name it TALK TO US @ —-.com or CONVERSATIONS OVER DINNER@—-.com. And how is this any different from my current email account, you ask? When an individual logs on to this account, they understand there are priorities given to the message, and standards to be maintained in its use. Ground rules are essential to its effective use and should be stated (and monitored) upfront, if not on the masthead of the account. The ground rules should include:

• The objective of this forum is to create a positive and productive link between management and its key partners (personal concerns and issues should obviously be communicated on a more personal basis; this is NOT a venue to bitch and moan).
• The communication of ideas, suggestions, and opportunities are the foundation of this new vehicle intended to enhance the product and workplace in which we share.
• Correspondence should be limited to a single paragraph of a hundred words or less and must be to the point and well thought out.
• Each correspondence will be reviewed and responded to on a timely basis.
• It’s possible (and should be stated) that it’s likely the communication will be shared in open forum in the hopes that optimum value can be realized.
• No idea or concept will be trivialized or demeaned in any way.
• This is your opportunity to shine; your communication and valued input is essential to the use of all of our professional resources and will be appreciated and acknowledged.

I’d recommend that the announcement of this vehicle be orchestrated as a “bold and exciting commitment to draw these varied relationships to an inviting place of shared ideas.” You might even consider using a formal invitation to announce your concept. Participation is essential and should be highly encouraged. Ideas and concepts should be forwarded to interested parties for their thoughts and personal observations and, on occasion, to this focus group as a whole.

On a monthly (or weekly) basis, you may wish to reward and announce the ideas of the month with an intimate dinner (promoting other forms of communication!) for two to be given to the most recent and valued inspiration. Announce the individual and how the concept provided will be implemented to benefit all parties. Keep the forum exciting, active, relevant, and fun.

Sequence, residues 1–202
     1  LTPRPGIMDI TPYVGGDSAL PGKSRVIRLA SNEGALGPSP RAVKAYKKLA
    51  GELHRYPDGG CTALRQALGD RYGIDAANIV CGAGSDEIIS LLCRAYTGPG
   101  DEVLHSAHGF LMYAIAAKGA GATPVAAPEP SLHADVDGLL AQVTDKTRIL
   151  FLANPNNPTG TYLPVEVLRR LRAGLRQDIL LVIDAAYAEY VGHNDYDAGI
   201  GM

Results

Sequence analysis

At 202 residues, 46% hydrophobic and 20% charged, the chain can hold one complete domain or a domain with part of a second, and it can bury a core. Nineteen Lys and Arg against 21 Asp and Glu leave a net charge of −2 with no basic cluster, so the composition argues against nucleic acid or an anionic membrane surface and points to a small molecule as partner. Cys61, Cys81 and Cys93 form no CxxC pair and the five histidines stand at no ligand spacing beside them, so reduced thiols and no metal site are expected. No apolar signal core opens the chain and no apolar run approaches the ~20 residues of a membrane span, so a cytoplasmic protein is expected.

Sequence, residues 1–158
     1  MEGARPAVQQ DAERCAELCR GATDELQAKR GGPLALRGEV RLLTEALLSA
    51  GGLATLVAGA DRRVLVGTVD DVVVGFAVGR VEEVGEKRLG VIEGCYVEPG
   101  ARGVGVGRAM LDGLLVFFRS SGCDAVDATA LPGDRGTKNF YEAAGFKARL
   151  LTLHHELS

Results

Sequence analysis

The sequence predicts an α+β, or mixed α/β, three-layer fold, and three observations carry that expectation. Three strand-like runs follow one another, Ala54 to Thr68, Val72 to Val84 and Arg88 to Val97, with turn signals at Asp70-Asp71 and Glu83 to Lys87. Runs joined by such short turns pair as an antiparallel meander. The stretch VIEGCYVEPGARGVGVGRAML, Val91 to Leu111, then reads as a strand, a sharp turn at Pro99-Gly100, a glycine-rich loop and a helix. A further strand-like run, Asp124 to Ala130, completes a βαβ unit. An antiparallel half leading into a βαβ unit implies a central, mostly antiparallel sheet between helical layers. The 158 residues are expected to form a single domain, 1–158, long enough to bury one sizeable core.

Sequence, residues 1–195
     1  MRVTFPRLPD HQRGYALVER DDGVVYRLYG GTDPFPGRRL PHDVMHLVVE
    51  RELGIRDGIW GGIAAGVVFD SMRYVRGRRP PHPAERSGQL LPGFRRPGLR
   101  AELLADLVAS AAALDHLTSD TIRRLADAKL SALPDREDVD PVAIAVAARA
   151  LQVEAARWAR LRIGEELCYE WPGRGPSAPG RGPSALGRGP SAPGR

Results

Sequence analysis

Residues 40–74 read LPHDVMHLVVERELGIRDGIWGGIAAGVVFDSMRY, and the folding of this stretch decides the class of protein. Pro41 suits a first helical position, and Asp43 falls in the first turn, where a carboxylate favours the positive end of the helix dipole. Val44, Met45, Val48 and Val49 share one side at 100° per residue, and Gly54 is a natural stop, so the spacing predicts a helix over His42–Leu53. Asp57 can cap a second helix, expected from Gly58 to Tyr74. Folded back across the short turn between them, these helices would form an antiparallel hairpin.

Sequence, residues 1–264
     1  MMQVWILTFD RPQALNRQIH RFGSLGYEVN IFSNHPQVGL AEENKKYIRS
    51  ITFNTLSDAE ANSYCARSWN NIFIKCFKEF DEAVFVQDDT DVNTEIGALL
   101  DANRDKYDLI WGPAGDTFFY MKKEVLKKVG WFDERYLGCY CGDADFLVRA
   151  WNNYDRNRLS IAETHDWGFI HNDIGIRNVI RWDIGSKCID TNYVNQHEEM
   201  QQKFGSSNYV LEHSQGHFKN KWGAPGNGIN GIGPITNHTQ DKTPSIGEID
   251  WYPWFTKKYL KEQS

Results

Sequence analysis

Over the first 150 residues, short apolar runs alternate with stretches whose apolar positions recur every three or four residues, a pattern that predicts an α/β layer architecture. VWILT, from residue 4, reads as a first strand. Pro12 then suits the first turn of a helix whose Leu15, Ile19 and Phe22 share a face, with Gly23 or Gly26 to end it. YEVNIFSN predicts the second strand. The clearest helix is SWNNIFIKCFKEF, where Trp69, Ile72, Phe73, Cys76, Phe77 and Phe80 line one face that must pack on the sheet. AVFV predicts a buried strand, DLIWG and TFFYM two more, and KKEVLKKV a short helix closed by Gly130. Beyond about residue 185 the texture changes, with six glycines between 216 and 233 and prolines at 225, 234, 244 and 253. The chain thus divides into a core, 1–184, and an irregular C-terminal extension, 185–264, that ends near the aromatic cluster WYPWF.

You might wonder, “Why not open a web-based newsgroup where all parties can interact and mingle?” Remember, you want to maintain an open and objective forum, one without a personal agenda or potential for grandstanding. Greater control and a sense of confidentiality will be provided when you have the first opportunity to review content, evaluating its potential for further review.

This is a relatively simple first step in beginning to meet the communication potential of an organization. Encourage participants to write down thoughts during the day to forward that evening. Knowing that their voices will be heard and responded to creates a much greater sense of participation and personal ownership. What more can an organization hope for?

Not only that, who better to provide constructive ideas and opportunities than those with vested interests: your priority relationships?

Personal Regards,


INTERPERSONAL© is published by INTERPERSONALBIZ.COM, Keenan Longcor, Editor, ©2012. Duplication of this publication is permitted for both personal and business use. Excerpts may only be quoted with acknowledgment of INTERPERSONAL/INTERPERSONALBIZ.COM as the source. For re-publication rights, please contact the editor at KEENAN@INTERPERSONALBIZ.COM